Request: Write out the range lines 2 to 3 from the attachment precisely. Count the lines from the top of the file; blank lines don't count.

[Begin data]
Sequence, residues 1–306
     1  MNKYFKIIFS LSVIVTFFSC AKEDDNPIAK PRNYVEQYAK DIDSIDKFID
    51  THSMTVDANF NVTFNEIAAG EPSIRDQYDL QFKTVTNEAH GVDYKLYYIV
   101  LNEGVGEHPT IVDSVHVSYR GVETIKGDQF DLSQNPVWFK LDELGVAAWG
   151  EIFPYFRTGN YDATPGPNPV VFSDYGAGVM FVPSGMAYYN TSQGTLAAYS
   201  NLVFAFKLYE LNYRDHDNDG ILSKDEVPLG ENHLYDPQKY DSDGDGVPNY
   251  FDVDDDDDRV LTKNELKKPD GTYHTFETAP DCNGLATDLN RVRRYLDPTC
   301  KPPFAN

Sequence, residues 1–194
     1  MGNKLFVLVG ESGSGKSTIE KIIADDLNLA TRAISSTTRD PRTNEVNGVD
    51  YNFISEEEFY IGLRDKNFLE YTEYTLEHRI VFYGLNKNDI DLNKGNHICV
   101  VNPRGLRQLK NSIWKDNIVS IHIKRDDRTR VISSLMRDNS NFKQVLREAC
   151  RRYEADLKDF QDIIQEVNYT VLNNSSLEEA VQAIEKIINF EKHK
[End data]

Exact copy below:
     1  MNKYFKIIFS LSVIVTFFSC AKEDDNPIAK PRNYVEQYAK DIDSIDKFID
    51  THSMTVDANF NVTFNEIAAG EPSIRDQYDL QFKTVTNEAH GVDYKLYYIV